Black Rhino Weighs In: Big Brothers' Re-Branding

Black Rhino Weighs In: Big Brothers Big Sisters' Re-Branding

OCTOBER 26, 2018

The Big Brothers Big Sisters program recently issued a press release to roll out their re-branding and volunteer recruitment campaign. Their new website can be found here.

Here's what the Black Rhino Marketing team had to say on the matter...

Andrea, Managing Director

The idea of new branding is a positive step into the future. The Big Brothers Big Sisters brand has been somewhat stale for a while now, and has needed a fresh new look. Considering that they are focused on recruiting more diverse volunteers, the old purple and people logo wasn’t appealing, nor was it assisting them in their goals. However, something still feels off with the new brand. While it is fresh and new and lends itself to an ethnic interpretation, and the logo is “clever”, it doesn’t appear to match the organization’s mission and values. To me, it feels like it’s too blatant and trying to hard to convey it’s “hipness” if hipness is even a thing. It feels like a vast departure from what they do as an organization, as the colors, fonts and overall design are too graphic, too sharp and too boxy. That doesn’t convey the message of being a welcoming, safe haven for youth, and volunteers alike.   It’s a step in the right direction, but there is more work to be done.

Laurie, Communications Director

Exciting, provocative and impactful new branding that says “Now” and represents the diversity of their participants. The logo is outstanding and has meaning. Brilliant way to transition from old site to new site (that’s obviously still in the works)…i.e. they give a taste of the new branding on the old site, which directs you to the new transition site, which is essentially a scrolled landing page…while they complete the new site.

HOWEVER—the copy font is really unfortunate, as it’s virtually impossible to read the copy—it has been far too compressed to be legible, and it’s only worsened by the fact that it’s reverse. Works fine in the big headlines, but not in the small copy. The branding launch video is powerful: simple powerful people images and simple powerful words.  That’s all you need to convey the new image and message (We Defend Potential).

Soulmaz, Graphic Designer

When I checked the website, it did not mention that Big Brother is a “youth mentoring organization” (I’ve never heard of them before). The color-palette, the logo and the website, reminds me of something related to the music industry. The logo is too solid, bulky and very boxy! It is a nice logo, but not for this purpose. It needs to give you a feeling of mentoring, not dictation. It needs to be freer with more room for creativity.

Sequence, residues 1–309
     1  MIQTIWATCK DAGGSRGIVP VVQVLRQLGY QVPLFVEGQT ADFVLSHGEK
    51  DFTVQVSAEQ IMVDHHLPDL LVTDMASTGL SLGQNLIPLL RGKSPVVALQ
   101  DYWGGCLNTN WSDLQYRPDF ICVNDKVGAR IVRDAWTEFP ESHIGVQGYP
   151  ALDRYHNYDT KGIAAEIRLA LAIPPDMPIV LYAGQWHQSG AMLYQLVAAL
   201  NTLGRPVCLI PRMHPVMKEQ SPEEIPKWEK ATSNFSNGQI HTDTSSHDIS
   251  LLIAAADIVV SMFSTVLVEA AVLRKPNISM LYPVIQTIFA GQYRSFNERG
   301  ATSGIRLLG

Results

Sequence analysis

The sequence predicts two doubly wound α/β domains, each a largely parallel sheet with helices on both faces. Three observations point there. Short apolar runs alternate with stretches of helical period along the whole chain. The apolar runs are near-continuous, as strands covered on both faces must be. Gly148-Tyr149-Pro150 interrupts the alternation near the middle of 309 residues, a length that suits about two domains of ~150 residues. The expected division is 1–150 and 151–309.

I understand their concept, but it does not tell me what they have mentioned as a concept. And it is about the overall design, logo, color-pallet, and web design. It is good to update the brand, but in my opinion, this new transformation is too modern for this matter.

Jeff, Project Manager

More proof that we’ve entered an era of re-branding. But this is an example of re-branding gone right! I find the logo to be fresh and inspiring. I love logos that subtly, but strongly convey the message of the business, similar to the “secret” FedEx arrow. The “lower b” and “complete the B” aspects tell you exactly what Big Brothers and Big Sisters is all about. This to me, is an improvement from the old logo, less succinct in its message yet, at the same time, too on the nose with the imagery.  The font could use some work, as I had no interest in struggling to read such skinny text, but besides that, I think this will be a very good business move. Especially considering that the Big Brother program has been on the decline in the marketing/awareness department for some time now.

Dane, Strategy Director

Smart that they realize they need to evolve, however they still need a strategy to address the following:

It's not just volunteers that are needed, they also need the young people - and unfortunately they can't sign themselves up, but need their "parents" i.e. mothers to do it. And it will most likely be "mothers" signing up the young people, not "moms" - there's a distinct difference. Or grandparents will be signing up the young people, they made no mention of that. They are going to need an effective message to resonate with these 2 distinct groups, as well as with the young people in order for them to really want to participate - as much they are with the volunteers